As a lawmaker, I recall our caucus leaders constantly hammering us on the importance of “message discipline.” Perhaps Joe Biden missed that lesson. Last week, he gave Democratic voters another reason to question whether he’s their best option to beat Donald Trump.
Predictably, Biden’s comment about cozying up to segregationists brought a wave of pushback. Voters rightfully upset about the content of Biden’s remark are also worried about Biden’s lack of message discipline.
This is not a new problem for Biden. (Here’s a relevant Mother Jones article.) Last month, in a bizarre, meandering response to climate activists in Des Moines, Biden lauded praise on American oil production:
“North America is now energy independent. It’s not the Saudi Arabian peninsula. It’s not Nicaragua (sic). It’s not somewhere in South America. It’s not Africa. It’s the United States of America, Canada, and Mexico. And the United States is soon going to be the largest producer of energy of any nation in the world by the end of the 2020s. My Lord, what are we so afraid of?” — Joe Biden, May 1, 2019, Des Moines, Iowa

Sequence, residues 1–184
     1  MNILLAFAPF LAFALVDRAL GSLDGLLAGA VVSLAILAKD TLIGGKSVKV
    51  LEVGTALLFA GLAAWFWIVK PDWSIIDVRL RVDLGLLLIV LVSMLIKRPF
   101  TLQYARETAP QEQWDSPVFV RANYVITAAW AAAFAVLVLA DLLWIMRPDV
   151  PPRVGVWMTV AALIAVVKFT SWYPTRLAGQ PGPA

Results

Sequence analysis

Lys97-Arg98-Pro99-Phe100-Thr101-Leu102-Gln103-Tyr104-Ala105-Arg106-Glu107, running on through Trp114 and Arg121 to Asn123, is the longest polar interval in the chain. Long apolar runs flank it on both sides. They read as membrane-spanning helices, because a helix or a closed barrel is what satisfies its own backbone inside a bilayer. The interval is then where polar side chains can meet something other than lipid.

How many more slip-ups (or perhaps in this case, candid revelations) can Biden afford before voters get cold feet and decide not to trust him with the nomination? It’s ironic, of course, that message discipline and even basic civility don’t apply to Donald Trump. But knowing that, Democrats have to be even more cautious about their nominee’s ability to stay focused and disciplined.
Charles Goldman and I talk about this on today’s Fallon Forum. We also discuss the many important US Supreme Court decisions coming down this week, and the heated debate over paying reparations to the descendants of slaves. Finally, we celebrate a small victory in the grassroots effort to expose the truth in Dakota Access’ push to double the flow of oil through the Dakota Access Pipeline.